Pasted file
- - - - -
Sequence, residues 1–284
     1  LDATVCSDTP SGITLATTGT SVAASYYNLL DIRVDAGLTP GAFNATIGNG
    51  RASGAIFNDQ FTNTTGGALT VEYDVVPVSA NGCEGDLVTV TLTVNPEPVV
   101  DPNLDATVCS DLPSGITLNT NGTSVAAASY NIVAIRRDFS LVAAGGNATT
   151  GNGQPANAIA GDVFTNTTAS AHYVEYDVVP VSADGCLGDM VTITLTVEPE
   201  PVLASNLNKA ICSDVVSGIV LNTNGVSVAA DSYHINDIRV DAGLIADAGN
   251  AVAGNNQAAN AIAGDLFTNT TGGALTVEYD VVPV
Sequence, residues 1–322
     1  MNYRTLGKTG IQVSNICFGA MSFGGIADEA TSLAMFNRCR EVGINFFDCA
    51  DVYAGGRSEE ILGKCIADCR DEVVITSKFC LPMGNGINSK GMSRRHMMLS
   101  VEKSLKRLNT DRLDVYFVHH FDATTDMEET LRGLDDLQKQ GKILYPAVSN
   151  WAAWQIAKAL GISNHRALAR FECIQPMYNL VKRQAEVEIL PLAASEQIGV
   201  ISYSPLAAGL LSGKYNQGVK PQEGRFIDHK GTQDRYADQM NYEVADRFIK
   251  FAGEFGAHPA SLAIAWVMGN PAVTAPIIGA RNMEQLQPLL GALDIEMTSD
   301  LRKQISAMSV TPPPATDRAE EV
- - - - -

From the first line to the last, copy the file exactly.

Sequence, residues 1–284
     1  LDATVCSDTP SGITLATTGT SVAASYYNLL DIRVDAGLTP GAFNATIGNG
    51  RASGAIFNDQ FTNTTGGALT VEYDVVPVSA NGCEGDLVTV TLTVNPEPVV
   101  DPNLDATVCS DLPSGITLNT NGTSVAAASY NIVAIRRDFS LVAAGGNATT
   151  GNGQPANAIA GDVFTNTTAS AHYVEYDVVP VSADGCLGDM VTITLTVEPE
   201  PVLASNLNKA ICSDVVSGIV LNTNGVSVAA DSYHINDIRV DAGLIADAGN
   251  AVAGNNQAAN AIAGDLFTNT TGGALTVEYD VVPV
Sequence, residues 1–322
     1  MNYRTLGKTG IQVSNICFGA MSFGGIADEA TSLAMFNRCR EVGINFFDCA
    51  DVYAGGRSEE ILGKCIADCR DEVVITSKFC LPMGNGINSK GMSRRHMMLS
   101  VEKSLKRLNT DRLDVYFVHH FDATTDMEET LRGLDDLQKQ GKILYPAVSN
   151  WAAWQIAKAL GISNHRALAR FECIQPMYNL VKRQAEVEIL PLAASEQIGV
   201  ISYSPLAAGL LSGKYNQGVK PQEGRFIDHK GTQDRYADQM NYEVADRFIK
   251  FAGEFGAHPA SLAIAWVMGN PAVTAPIIGA RNMEQLQPLL GALDIEMTSD
   301  LRKQISAMSV TPPPATDRAE EV